I chose anarchism because I do not believe I should have to obey someone for the sake of obeying. I chose it because I know “government authority” is a useless and dangerous concept, which only gets innocent people caged, harmed or killed. I chose anarchism because I enjoy independence, because I loathe the idea of being ruled, and because I acknowledge that freedom from institutional and social violence leads to happiness and love. I chose it because I believe people are innately free, that they have the power and decency to live their own life and solve their own problems, without a perpetual father figure looming over and judging their decisions.
Anarchism denotes a spirit and strength of character that other philosophies fail to discern, that other people fail to grasp or care about. Anarchism screams acceptance of humanity, and it declares all individuals as totally sovereign, only governable by the will and moral compass of their own passions.
To not accept anarchism, then, is to throw oneself down at the alter of slavery, and insert oneself into a kind of hell on earth.
“Love heals. Heals and liberates. I use the word love, not meaning sentimentality, but a condition so strong that it may be that which holds the stars in their heavenly positions and that which causes the blood to flow orderly in our veins.”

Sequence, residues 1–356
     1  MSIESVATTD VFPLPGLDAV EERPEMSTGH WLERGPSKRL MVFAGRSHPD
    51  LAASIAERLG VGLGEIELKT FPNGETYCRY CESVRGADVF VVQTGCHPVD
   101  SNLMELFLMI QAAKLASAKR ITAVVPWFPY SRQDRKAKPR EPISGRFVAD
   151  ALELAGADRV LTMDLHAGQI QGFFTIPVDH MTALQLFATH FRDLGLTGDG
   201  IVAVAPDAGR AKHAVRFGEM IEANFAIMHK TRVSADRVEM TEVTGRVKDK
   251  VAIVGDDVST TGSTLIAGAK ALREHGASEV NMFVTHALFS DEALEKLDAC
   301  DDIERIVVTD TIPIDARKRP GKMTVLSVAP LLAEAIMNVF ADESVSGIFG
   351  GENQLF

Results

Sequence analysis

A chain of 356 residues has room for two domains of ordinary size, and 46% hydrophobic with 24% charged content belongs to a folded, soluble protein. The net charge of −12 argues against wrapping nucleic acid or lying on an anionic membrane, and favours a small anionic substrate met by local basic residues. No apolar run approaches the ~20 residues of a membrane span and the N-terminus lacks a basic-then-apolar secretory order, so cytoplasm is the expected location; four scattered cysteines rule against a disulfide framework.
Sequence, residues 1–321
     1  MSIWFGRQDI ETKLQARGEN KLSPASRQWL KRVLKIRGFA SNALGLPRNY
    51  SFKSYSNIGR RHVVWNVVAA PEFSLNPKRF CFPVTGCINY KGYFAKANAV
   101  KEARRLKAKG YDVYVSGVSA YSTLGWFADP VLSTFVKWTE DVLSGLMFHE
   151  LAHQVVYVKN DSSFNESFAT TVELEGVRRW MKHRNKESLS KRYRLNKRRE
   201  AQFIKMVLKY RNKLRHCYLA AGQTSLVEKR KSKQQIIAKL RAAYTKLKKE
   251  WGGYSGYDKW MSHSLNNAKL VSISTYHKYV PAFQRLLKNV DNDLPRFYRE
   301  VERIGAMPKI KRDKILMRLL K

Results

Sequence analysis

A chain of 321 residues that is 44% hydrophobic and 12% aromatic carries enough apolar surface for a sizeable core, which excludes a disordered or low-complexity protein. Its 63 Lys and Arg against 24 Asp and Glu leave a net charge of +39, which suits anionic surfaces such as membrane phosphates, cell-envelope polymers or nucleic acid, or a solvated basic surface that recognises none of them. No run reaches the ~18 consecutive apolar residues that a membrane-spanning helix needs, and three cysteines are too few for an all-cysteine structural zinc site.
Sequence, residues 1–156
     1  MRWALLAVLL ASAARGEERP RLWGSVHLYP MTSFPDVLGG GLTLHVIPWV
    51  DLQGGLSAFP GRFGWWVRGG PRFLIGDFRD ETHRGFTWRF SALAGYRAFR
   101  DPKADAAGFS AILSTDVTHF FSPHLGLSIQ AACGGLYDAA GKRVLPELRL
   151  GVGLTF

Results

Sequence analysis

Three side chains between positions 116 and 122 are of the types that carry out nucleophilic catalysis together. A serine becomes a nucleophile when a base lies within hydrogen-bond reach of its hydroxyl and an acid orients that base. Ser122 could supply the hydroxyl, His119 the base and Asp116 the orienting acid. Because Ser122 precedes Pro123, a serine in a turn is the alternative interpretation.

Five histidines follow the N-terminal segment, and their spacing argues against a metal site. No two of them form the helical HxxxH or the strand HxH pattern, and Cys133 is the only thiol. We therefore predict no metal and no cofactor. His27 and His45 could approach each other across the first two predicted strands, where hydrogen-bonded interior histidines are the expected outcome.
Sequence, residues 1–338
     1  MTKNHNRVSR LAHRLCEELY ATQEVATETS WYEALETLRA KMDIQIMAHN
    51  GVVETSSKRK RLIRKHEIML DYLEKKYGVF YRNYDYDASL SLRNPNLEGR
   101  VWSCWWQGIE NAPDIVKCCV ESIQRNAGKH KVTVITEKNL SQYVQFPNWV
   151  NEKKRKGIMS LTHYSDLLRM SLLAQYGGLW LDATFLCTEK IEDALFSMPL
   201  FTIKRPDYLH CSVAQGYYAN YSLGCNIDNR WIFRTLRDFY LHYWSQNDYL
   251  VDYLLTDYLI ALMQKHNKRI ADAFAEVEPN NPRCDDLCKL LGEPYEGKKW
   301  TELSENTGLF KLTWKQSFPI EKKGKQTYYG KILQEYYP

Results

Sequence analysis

I want to see more love and acceptance during “Memorial Day“—and on every day—not just from people who worship flags, but from those who hate them.
I do not like seeing people murder and die for mythology and government; this is true. I also understand and resonate with why we burn flags. But I also believe that unsophisticated and edgy tactics like desecrating bits of cloth only incites hatred against anarchists, as well as creates an air of confusion and miscommunication. (more…)
Where love rules, there is no will to power; and where power predominates, there love is lacking. The one is the shadow of the other.
There are people who thought anarchism was just a “phase” that I would grow out of; they saw my “beliefs” as a way to lash out. They thought I was being juvenile so they did not take me or my ideas seriously.
But I am still here, advocating freedom seven years later.
These long years consisted of long days, thinking about and meditating on liberty, contradicting various ideas, and rebutting the contradictions until I discovered a synthesis—until I finally hit on the fabled AH-HA moment. (more…)